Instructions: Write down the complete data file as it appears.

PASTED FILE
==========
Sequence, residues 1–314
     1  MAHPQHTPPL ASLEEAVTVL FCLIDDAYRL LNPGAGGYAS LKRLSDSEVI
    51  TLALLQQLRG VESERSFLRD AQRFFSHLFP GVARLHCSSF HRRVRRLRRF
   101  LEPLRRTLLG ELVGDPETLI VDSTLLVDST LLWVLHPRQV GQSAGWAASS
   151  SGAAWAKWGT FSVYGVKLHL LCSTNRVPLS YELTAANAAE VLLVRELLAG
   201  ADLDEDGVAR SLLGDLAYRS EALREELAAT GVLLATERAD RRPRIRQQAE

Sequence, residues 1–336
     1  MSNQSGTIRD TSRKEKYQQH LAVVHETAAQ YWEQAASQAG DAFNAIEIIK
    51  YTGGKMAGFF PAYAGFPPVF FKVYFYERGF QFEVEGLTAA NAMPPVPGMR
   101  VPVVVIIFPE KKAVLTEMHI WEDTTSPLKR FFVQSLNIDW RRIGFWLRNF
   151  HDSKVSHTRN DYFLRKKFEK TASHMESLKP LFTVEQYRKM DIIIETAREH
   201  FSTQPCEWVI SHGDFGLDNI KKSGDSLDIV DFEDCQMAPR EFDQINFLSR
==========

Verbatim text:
Sequence, residues 1–314
     1  MAHPQHTPPL ASLEEAVTVL FCLIDDAYRL LNPGAGGYAS LKRLSDSEVI
    51  TLALLQQLRG VESERSFLRD AQRFFSHLFP GVARLHCSSF HRRVRRLRRF
   101  LEPLRRTLLG ELVGDPETLI VDSTLLVDST LLWVLHPRQV GQSAGWAASS
   151  SGAAWAKWGT FSVYGVKLHL LCSTNRVPLS YELTAANAAE VLLVRELLAG
   201  ADLDEDGVAR SLLGDLAYRS EALREELAAT GVLLATERAD RRPRIRQQAE

Sequence, residues 1–336
     1  MSNQSGTIRD TSRKEKYQQH LAVVHETAAQ YWEQAASQAG DAFNAIEIIK
    51  YTGGKMAGFF PAYAGFPPVF FKVYFYERGF QFEVEGLTAA NAMPPVPGMR
   101  VPVVVIIFPE KKAVLTEMHI WEDTTSPLKR FFVQSLNIDW RRIGFWLRNF
   151  HDSKVSHTRN DYFLRKKFEK TASHMESLKP LFTVEQYRKM DIIIETAREH
   201  FSTQPCEWVI SHGDFGLDNI KKSGDSLDIV DFEDCQMAPR EFDQINFLSR